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Q&A with Jim Thome: Former White Sox slugger stays connected to game in retirement

During a 22-year Major League career that came to a close in 2012, Jim Thome hit over 600 home runs while playing for six different teams, including the Chicago White Sox. After hanging up the spikes, the Peoria native was hired by the White Sox as a special assistant to general manager Rick Hahn in July of 2013.

On July 23, Thome made an appearance at the White Sox Silver Slugger Camp in Lisle and signed autographs before talking with the aspiring Major Leaguers in attendance.

Thome also took time to speak with Suburban Life sports reporter Scott Schmid about teaching the with young players, working for the White Sox, the Hall of Fame induction of White Sox legend Frank Thomas and his own chances of making it into the Hall of Fame.

Schmid: What is it like for you to be able to come to these camps and spend time with the kids?

Thome: It's nice, especially this time of the year. My son is in youth baseball now so that gets me involved. The biggest challenge is getting kids back on a baseball field, so getting a group of kids like this playing and having fun is great. I remember back in Peoria growing up, we'd always play pick-up games. It's important to get kids back involved with playing ball in any capacity.

Schmid: How much did it mean to you to come back to the White Sox as a special assistant, and how are you enjoying it so far?

Thome: I love it, working for Jerry [Reinsdorf, White Sox Chairman] and Rick [Hahn, General Manager] and Kenny [Williams, Executive Vice President]. It's just been enjoyable. I get the best of both worlds, I get to be at home but I also get to be at the ballpark. Plus I've gone on a few assignments to the minor leagues and gotten a chance to see some of our young players, which has been great.

Schmid: How special was it to play for the White Sox for four seasons?

Thome: It was a special time in my career. Getting traded from Philadelphia to Chicago, my mom had passed away and that brought my family closer together. Getting a chance to come home and play, that was a dream come true and those three, four years were a fantastic time in my life.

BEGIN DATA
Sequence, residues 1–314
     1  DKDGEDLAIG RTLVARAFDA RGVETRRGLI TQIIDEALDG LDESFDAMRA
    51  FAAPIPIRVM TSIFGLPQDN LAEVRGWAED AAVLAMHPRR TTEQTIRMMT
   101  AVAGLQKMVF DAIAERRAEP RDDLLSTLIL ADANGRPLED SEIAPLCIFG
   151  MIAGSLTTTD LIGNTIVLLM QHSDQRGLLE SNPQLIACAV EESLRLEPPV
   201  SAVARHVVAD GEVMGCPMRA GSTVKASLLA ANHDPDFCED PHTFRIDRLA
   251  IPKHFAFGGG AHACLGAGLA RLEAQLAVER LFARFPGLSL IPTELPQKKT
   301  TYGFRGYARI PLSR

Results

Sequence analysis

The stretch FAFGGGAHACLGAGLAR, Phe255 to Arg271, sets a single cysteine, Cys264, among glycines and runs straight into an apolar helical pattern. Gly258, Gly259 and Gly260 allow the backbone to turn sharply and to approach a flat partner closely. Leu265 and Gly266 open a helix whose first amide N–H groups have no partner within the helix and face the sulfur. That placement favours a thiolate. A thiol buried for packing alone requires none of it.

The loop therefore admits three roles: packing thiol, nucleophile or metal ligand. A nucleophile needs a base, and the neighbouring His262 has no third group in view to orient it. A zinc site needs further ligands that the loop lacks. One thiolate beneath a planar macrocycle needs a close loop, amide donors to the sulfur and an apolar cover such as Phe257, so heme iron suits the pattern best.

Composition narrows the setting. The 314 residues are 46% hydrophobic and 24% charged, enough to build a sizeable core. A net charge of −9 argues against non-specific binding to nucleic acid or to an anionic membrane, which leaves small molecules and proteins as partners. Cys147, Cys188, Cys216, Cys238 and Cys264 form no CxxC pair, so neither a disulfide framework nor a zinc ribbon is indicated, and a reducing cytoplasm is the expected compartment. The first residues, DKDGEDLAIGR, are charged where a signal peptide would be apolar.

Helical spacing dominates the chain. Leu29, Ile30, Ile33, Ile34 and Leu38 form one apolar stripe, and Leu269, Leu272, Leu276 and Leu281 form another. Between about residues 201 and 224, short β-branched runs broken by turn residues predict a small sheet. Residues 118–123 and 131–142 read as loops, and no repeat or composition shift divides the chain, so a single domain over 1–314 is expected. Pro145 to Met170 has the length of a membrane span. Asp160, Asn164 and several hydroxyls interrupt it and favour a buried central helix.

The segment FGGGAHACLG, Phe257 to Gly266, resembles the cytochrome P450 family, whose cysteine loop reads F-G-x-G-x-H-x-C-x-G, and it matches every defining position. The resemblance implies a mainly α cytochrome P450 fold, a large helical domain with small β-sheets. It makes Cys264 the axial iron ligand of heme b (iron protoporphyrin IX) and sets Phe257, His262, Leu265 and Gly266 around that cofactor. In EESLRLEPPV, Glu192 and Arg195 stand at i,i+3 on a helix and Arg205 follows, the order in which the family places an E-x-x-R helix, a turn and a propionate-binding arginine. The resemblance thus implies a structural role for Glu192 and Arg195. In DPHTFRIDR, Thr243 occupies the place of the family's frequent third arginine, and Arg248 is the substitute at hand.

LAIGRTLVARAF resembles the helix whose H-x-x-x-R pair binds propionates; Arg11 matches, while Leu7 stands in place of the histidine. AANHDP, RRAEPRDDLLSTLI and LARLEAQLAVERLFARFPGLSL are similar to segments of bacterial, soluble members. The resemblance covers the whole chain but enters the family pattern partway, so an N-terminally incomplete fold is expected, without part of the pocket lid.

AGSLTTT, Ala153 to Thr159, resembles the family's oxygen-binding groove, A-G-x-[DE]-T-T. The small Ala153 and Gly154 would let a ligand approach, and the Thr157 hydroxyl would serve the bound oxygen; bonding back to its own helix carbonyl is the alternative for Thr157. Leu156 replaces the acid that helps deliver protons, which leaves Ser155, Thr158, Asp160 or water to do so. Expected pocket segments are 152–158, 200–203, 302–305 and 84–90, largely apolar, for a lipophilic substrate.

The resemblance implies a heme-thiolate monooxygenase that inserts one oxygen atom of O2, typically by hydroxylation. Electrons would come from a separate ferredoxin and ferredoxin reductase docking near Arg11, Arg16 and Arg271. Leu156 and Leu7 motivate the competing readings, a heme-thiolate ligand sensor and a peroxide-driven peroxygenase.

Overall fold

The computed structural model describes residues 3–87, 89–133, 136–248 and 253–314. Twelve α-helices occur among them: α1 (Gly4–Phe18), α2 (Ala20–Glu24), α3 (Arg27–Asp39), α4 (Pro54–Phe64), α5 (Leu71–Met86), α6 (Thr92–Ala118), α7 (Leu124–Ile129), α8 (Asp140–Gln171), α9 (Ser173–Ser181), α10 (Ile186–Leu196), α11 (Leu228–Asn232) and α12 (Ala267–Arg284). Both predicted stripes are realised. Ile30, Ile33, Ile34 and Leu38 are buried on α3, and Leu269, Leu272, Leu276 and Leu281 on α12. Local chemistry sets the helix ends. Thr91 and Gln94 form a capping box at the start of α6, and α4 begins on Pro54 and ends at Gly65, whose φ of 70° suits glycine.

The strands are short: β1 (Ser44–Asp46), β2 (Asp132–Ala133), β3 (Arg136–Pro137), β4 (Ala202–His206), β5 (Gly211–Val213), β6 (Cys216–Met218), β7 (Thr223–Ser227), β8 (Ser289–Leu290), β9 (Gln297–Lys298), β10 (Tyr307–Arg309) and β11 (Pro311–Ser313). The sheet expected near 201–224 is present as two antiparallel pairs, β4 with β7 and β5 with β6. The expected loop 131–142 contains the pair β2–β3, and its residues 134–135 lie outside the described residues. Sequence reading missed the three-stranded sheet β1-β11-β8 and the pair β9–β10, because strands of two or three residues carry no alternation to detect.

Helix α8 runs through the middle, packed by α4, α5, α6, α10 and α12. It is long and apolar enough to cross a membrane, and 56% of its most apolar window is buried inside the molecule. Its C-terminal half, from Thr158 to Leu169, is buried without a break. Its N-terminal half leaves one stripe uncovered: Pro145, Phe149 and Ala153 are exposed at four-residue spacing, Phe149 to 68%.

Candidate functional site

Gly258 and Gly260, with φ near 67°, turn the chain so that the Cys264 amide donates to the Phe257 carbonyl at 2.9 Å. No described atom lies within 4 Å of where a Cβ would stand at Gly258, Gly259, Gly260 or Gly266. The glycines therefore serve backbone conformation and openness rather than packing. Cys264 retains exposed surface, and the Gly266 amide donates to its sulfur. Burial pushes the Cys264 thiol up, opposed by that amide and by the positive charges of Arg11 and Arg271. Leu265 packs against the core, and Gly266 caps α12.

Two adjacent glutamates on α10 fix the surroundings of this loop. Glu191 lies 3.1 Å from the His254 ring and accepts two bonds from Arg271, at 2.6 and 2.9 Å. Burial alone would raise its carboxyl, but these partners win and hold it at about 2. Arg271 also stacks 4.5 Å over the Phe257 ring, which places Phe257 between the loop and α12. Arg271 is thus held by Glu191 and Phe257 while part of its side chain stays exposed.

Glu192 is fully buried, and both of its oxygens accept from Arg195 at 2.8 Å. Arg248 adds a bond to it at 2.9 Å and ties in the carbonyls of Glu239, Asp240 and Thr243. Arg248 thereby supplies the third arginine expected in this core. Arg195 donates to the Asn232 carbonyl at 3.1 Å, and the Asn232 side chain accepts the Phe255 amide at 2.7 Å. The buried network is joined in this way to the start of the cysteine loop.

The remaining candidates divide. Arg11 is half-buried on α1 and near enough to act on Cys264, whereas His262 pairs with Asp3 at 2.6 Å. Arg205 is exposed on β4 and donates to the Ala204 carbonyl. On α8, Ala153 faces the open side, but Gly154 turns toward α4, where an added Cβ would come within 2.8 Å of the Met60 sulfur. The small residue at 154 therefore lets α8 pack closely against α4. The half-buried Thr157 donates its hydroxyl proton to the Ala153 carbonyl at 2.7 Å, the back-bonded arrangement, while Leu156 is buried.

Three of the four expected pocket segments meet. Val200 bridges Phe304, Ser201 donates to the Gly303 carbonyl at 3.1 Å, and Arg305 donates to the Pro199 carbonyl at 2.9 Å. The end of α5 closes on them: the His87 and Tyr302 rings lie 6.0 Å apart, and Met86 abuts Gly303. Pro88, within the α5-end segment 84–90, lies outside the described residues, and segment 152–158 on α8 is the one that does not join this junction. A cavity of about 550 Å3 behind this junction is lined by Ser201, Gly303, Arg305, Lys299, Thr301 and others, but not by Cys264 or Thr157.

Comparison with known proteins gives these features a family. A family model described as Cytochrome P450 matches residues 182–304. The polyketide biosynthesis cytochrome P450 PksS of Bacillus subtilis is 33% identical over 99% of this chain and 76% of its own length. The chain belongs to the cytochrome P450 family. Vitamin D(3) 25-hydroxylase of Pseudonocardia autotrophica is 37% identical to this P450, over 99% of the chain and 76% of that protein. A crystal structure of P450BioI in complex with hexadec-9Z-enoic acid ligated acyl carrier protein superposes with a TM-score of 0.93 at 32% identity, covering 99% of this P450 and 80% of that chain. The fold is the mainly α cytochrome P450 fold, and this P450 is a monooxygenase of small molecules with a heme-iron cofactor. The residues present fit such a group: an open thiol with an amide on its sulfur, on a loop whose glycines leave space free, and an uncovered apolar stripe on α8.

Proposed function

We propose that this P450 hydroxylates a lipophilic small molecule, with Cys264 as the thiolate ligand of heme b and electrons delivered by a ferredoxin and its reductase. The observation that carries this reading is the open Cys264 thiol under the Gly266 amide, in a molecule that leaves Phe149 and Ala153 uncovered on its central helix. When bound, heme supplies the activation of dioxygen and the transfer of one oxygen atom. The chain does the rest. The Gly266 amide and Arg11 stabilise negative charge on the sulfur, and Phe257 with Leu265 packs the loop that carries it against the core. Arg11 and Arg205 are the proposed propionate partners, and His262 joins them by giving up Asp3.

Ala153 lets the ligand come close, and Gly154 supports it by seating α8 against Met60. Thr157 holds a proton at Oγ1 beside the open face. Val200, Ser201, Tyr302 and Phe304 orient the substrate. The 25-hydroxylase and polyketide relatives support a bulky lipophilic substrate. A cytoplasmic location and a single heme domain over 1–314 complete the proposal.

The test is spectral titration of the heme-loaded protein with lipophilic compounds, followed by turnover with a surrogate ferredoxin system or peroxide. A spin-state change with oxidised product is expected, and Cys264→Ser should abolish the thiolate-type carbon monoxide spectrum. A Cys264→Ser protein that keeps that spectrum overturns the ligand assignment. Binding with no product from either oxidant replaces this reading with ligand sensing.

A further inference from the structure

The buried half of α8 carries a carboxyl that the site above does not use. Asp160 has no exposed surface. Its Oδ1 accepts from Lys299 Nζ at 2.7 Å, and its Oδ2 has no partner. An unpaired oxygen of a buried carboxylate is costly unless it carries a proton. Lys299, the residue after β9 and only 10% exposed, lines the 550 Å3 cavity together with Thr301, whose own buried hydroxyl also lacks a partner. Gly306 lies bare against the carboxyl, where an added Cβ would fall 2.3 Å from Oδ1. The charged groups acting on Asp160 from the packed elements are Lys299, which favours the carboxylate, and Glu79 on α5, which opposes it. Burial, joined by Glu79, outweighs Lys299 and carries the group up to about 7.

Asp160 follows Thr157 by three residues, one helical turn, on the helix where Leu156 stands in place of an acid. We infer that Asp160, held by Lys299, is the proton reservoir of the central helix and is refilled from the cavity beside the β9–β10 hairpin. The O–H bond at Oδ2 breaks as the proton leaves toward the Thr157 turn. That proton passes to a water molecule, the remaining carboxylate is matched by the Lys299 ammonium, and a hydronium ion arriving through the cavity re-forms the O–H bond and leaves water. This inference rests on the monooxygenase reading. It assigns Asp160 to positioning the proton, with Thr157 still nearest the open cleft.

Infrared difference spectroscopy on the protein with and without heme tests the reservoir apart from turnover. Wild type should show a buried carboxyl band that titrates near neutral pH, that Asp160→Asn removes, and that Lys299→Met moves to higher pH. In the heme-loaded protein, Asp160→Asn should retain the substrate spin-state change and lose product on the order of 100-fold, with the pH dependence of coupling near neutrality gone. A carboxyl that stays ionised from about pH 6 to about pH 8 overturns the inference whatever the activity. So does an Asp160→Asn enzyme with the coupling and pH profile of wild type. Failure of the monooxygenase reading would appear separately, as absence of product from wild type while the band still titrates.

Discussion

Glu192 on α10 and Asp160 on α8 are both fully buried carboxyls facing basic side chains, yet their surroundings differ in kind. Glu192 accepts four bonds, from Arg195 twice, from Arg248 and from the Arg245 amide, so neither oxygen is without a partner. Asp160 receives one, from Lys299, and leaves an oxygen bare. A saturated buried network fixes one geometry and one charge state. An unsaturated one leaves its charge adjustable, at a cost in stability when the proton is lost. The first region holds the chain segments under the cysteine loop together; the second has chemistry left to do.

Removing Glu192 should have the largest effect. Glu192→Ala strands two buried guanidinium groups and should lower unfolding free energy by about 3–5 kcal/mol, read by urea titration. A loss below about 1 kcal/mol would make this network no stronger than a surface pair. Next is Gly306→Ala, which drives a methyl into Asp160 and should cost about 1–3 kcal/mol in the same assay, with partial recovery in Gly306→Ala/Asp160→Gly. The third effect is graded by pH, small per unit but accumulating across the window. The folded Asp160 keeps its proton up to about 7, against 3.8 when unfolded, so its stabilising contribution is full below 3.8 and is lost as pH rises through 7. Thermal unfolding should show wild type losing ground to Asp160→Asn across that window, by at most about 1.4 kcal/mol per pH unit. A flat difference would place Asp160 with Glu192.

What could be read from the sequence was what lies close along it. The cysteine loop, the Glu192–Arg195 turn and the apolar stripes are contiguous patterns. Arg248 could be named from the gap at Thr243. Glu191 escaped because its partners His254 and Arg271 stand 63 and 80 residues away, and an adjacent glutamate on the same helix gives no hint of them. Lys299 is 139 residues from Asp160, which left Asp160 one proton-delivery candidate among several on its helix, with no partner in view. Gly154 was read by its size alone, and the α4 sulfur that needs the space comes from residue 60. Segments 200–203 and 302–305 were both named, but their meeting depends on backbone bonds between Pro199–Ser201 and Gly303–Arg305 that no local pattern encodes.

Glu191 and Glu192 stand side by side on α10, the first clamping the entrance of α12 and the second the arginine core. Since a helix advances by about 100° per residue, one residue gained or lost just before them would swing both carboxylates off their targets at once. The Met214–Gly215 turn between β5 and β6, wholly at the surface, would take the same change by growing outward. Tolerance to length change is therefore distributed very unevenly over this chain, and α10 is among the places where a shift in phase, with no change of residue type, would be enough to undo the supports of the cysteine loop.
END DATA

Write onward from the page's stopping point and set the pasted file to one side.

Schmid: Is retirement treating you well?

Thome: I'm enjoying it. When Jerry called and brought me back, I found that thing in my life where I could still be around the game but also be with my family. It eased the transition to where I'm at. It's definitely been great to learn the other side, to learn about the other parts of the game I never knew existed.

Schmid: What aspects of the game do you miss?

Thome: Competing, I miss digging in and competing. That never goes away. You can be retired for 10 years and still have that desire to want to get back in the box. But now it's about passing the torch down, and with the position that I'm in, maybe I can do that.

Schmid: What are your thoughts on Frank Thomas being inducted into the Hall of Fame and have you thought about getting in yourself?

Thome: Frank no question is a first-ballot Hall of Famer. He was a force when he played and it is great for the city of Chicago and for the White Sox. He is very well deserving, from the player's side, just look at his numbers.

And I think I will let the process play its course, I try not to get too far ahead of myself. But it would be great to be a part of it and if it ever happened one day, I would be as excited as Frank is.

Jim Thome will make an appearance at another Silver Slugger Camp at Ackerman Park in Glen Ellyn in August. Click here for more details.

By the numbers

22 Seasons in Major League Baseball

.276 Career batting average

612 Home runs

2,328 Hits

1,699 Career RBIs

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